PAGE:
This study was undertaken to compare the chemical properties and yields of pineapple leaf residue (PLR) char produced by field burning (CF) with that produced by a partial combustion of air-dried PLR at 340 °C for 3 h in a furnace (CL). Higher total C, lignin content, and yield from CL as well as the presence of aromatic compounds in the Fourier Transform Infrared spectra of the char produced from CL suggest that the CL process was better in sequestering C than was the CF process. Although the C/N ratio of char produced from CL was low indicating a high N content of the char, the C in the char produced from CL was dominated by lignin suggesting that the decomposition of char produced from CL would be slow. To sequester C by char application, the PLR should be combusted in a controlled process rather than by burning in the field.
    Matched MeSH terms: Lignin/analysis
  8. Goh CS, Lee KT, Bhatia S
    Bioresour Technol, 2010 Oct;101(19):7362-7.
    PMID: 20471249 DOI: 10.1016/j.biortech.2010.04.048
    This work presents the pretreatment of oil palm fronds (OPF) using hot compressed water (HCW) to enhance sugar recovery in enzymatic hydrolysis. A central, composite rotatable design was used to optimize the effect of reaction temperature, reaction time and liquid-solid ratio on the pretreatment process. All variables were found to significantly affect the glucose yield. A quadratic polynomial equation was used to model glucose yield by multiple regression analysis, using response surface methodology (RSM). Using a 10 bar pressurized reactor, the optimum conditions for pretreatment of OPF were found at 178 degrees C, 11.1 min and a liquid-solid ratio of 9.6. The predicted glucose yield was 92.78 wt.% at the optimum conditions. Experimental verification of the optimum conditions gave a glucose yield in good agreement with the estimated value of the model.
    Matched MeSH terms: Lignin/analysis
  9. Nayan N, van Erven G, Kabel MA, Sonnenberg AS, Hendriks WH, Cone JW
    J Sci Food Agric, 2019 Jun;99(8):4054-4062.
    PMID: 30737799 DOI: 10.1002/jsfa.9634
    BACKGROUND: White rot fungi have been used to improve the nutritive value of lignocellulose for ruminants. In feed analysis, the Van Soest method is widely used to determine the cell wall contents. To assess the reliability of this method (Method A) for determination of cell wall contents in fungal-treated wheat straw, we compared a combined monosaccharide analysis and pyrolysis coupled to gas chromatography with mass spectrometry (Py-GC/MS) (Method B). Ruminal digestibility, measured as in vitro gas production (IVGP), was subsequently used to examine which method explains best the effect of fungal pretreatment on the digestibility of wheat straw.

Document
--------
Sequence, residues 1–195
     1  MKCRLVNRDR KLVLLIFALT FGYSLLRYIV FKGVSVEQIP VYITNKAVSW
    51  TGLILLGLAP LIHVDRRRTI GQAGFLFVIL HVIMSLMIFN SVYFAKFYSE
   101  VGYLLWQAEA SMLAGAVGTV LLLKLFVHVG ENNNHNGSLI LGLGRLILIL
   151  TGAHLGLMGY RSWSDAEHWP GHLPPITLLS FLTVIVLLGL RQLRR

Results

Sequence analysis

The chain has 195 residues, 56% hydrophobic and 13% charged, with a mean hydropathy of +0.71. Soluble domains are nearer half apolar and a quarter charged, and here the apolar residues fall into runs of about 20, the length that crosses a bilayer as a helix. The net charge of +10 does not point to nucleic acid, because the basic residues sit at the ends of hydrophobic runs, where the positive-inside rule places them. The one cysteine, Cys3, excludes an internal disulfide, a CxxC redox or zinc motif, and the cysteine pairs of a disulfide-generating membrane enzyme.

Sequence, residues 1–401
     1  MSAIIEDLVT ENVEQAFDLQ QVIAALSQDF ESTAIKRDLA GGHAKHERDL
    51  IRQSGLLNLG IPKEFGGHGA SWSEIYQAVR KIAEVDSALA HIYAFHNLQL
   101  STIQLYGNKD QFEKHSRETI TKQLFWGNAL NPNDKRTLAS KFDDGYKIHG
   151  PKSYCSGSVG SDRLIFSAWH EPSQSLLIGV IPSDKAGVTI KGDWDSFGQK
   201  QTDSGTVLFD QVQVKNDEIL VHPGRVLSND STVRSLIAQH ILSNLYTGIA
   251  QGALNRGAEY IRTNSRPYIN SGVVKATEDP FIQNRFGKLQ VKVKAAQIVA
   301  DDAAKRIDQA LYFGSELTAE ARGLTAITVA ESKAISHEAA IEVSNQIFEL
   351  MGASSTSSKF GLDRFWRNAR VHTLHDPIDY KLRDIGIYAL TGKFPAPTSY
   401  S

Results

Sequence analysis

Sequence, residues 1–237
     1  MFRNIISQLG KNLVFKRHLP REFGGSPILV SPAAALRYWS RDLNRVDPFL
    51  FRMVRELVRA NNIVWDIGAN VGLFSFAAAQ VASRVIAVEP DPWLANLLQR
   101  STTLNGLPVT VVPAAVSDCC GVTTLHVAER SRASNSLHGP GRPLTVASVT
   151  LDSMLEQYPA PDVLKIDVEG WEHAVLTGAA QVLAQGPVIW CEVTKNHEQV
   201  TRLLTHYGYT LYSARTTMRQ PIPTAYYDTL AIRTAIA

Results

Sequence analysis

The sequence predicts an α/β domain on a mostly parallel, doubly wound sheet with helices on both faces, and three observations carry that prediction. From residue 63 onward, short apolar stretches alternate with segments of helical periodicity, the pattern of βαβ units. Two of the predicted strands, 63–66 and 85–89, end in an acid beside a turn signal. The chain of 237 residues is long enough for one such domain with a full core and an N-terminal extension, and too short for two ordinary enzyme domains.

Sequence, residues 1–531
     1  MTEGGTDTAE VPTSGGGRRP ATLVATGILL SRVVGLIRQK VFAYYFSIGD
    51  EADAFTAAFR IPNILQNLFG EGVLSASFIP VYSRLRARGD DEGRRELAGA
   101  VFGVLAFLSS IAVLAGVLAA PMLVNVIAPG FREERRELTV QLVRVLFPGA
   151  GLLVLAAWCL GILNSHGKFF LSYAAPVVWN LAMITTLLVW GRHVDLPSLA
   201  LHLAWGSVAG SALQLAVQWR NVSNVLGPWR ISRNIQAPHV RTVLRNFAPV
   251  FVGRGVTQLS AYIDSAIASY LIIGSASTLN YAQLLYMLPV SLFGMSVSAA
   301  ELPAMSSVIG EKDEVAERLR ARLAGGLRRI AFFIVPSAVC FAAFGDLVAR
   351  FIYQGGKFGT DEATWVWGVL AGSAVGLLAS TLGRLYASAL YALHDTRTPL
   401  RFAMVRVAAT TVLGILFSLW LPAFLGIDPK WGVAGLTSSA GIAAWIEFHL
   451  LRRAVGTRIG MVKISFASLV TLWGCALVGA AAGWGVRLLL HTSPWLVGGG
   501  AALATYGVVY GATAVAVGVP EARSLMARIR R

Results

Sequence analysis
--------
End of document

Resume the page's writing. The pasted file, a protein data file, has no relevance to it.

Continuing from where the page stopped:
RESULTS: Both methods differed considerably in the mass recoveries of the individual cell wall components, which changed on how we assess their degradation characteristics. For example, Method B gave a higher degradation of lignin (61.9%), as compared to Method A (33.2%). Method A, however, showed a better correlation of IVGP with the ratio of lignin to total structural carbohydrates, as compared to Method B (Pearson's r of -0.84 versus -0.69). Nevertheless, Method B provides a more accurate quantification of lignin, reflecting its actual modification and degradation. With the information on the lignin structural features, Method B presents a substantial advantage in understanding the underlying mechanisms of lignin breakdown. Both methods, however, could not accurately quantify the cellulose contents - among others, due to interference of fungal biomass.

    CONCLUSION: Method A only accounts for the recalcitrant residue and therefore is more suitable for evaluating ruminal digestibility. Method B allows a more accurate quantification of cell wall, required to understand and better explains the actual modification of the cell wall. The suitability of both methods, therefore, depends on their intended purposes. © 2019 The Authors. Journal of The Science of Food and Agriculture published by John Wiley & Sons Ltd on behalf of Society of Chemical Industry.

    Matched MeSH terms: Lignin/analysis